From “Ask Kit!”:
Q: What is the difference between a residental and commercial loan?
A: Generally residential loans have a 30 year loan term, with at “today’s” rates, and you put 20% of the purchase price down (you can put less down but then you have to buy mortgage insurance which costs money up front and each month). If you go the non-qualifying route (this loan has several names, including no- documentation and low-documentation) you’d have a higher interest rate and probably put 30% down. You can also get adjustable rate mortgages which means that your interest rate is quite low initially and after a stated number of years (1-5 years is typical) the rate adjusts annually, going up or down 1-2 points (depending on the program) with whatever indicator it’s tied to.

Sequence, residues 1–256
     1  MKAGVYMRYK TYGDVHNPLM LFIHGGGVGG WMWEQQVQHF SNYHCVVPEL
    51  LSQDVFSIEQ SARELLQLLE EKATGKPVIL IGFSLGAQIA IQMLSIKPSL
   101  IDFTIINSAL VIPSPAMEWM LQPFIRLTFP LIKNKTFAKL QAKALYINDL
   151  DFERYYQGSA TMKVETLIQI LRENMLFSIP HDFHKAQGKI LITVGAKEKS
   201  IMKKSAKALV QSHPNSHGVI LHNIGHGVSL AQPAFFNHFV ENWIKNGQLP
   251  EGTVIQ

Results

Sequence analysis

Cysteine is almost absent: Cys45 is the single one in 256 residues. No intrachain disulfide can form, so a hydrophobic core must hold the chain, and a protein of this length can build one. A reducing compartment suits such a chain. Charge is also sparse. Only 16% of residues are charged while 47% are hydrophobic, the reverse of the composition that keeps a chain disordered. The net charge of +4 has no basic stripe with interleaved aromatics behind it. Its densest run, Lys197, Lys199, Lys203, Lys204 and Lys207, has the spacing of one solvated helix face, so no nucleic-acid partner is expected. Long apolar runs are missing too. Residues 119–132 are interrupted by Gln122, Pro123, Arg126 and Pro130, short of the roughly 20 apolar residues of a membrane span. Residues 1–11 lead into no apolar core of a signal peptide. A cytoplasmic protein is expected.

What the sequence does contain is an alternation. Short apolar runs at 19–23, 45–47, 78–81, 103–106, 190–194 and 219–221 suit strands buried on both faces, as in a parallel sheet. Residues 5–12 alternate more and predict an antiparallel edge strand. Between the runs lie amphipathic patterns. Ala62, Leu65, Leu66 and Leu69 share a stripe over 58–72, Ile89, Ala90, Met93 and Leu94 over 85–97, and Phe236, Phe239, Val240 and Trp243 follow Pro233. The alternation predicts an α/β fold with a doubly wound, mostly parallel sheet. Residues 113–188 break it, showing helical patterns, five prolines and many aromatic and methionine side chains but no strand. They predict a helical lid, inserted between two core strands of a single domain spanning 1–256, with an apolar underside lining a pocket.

Commercial loans can be moderately competitive with residential interest rates or can be outlandishly higher. I’ve heard of interest rates at 14%! Given the low rate these days that’s close to highway robbery, in my humble opinion. ;~) Commercial lenders don’t have to subscribe to the same rules of disclosure as residential lenders and because of one bad interaction with a commercial lender I’m biased against them — even knowing that sometimes that’s the best or only way to go. The term is much shorter, 20-25 years typically. The down payment is higher2 30-40%, typically.
And the interest rate can be fixed for 20 years, or adjust monthly.